“This is an homage to a way of life that, unless tended to, may very well pass away in the next decade or two…The color photographs alone demand the book’s size, as do the more than 80 recipes, some of which can be duplicated by home chefs, such as parched peanuts made using a microwave and plain paper bag and melt-in-your-eyes fried pies (never mind what the sugar and cholesterol counts are). Walsh explores the relationship between pits and pulpits, wanders to Memphis (spiritual home of this kind of cookery), focuses on the charms of beer and community feasts, and more with charm, ease, and a methodical pace, reminding us how life and barbecue need to be savored.”
—Barbara Jacobs, Booklist
“Lovett's photography shows beautifully decaying signs, weathered hands stoking fires, embers glowing “deep in dark metal caverns, and barbecue platters of all varieties. It's the story of an American tradition that's endangered, for all that it's in vogue. One gets a sense of urgency from Barbecue Crossroads: preserve these traditions before it's too late.”
—Paula Forbes, Eater.com
“An important contribution to American folklore as a whole.”
—Peter Haight, co-host of On the Menu
“Award-winning writer Robb Walsh captures life and culture like a Steinbeck of the South. The story of barbecue is layered and intimate…There are visceral pleasures: the freshly chopped pork sandwich eaten at a Formica counter, coconut pie eaten over the car hood. But Walsh, who has written extensively about the history of Texas food, always gives you something deeper to chew on…A masterful piece of documentation, the book is a labor of love and time — like barbecue itself.”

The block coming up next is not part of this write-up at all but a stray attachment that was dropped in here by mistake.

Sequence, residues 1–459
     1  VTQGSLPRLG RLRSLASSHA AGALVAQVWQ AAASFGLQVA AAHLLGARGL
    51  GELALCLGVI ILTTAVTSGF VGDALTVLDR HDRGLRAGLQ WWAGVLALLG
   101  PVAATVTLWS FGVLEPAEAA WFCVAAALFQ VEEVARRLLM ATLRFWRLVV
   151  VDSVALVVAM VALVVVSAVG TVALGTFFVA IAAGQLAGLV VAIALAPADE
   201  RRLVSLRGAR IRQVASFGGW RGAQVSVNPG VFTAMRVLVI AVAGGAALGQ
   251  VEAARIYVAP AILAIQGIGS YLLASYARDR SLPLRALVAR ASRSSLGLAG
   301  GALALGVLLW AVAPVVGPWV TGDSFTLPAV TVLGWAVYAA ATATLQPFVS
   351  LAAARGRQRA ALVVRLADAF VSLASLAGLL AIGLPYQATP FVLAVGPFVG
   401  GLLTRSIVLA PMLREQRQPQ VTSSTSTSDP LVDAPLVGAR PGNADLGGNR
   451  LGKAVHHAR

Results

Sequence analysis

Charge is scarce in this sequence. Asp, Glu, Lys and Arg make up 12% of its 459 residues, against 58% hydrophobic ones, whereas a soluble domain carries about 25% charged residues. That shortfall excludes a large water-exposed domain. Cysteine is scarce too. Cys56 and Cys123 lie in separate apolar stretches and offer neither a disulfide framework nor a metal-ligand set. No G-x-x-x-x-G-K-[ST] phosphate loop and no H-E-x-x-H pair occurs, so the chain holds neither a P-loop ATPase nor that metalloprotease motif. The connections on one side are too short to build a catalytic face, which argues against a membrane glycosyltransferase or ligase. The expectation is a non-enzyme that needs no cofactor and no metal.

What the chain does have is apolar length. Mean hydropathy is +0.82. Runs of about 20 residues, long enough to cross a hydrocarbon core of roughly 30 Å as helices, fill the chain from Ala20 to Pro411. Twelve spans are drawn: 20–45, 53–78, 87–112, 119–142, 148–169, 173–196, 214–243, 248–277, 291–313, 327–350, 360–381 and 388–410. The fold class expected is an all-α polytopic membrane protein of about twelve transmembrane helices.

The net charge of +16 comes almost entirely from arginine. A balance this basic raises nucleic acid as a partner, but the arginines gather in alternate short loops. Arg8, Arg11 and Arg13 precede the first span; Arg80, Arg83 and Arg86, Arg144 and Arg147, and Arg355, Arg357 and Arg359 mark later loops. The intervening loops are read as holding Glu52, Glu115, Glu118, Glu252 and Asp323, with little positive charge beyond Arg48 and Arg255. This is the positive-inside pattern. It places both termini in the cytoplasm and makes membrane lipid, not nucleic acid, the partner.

—Eve Hill-Angus, Dallas Morning News
“Throughout this smoked-meat hegira Walsh lavishes Southern barbecue lore and history like he’s building an especially luscious pulled-pork sandwich. The stories and recipes he coaxes from these keepers of the flamer are what make “Barbecue Crossroads” such a tasty journey…Lovett’s photography makes this an especially sumptuous trek through the defining foods of the South.”
—Greg Morago, Houston Chronicle
“With this book, Robb Walsh secures his permanent residency in the pantheon of great American barbecue chroniclers.”
—John Egerton, author of Southern Food: At Home, on the Road, in History
“I know of no other barbecue book that covers so much territory so well. . . . Anyone who cares about the future of barbecue should read Barbecue Crossroads.”
—John Shelton Reed, coauthor of Holy Smoke: The Big Book of North Carolina Barbecue
"Barbecue Crossroads is cleverly served as a three-meat combo, equal parts history lesson, road trip memoir, and cookbook, with slick dollops of photographer O. Rufus Lovett's intimate shots glazing every corner of the plate … Regardless of your regional loyalties, Barbecue Crossroads is a must have book for anyone with a passion for pit crafted meats."
—Kenny Pailes, Austin Chronicle
"Robb Walsh and photographer O. Rufus Lovett create a densely layered love story about the comfort food of the South. Through amazing images and poetic prose, we meet the pitmasters and the pigs. We also learn that the old-school neighborhood trash can barbecue grill might be the salvation of the cookout culture."
—Adrienne Samuels Gibbs, Senior Editor, Ebony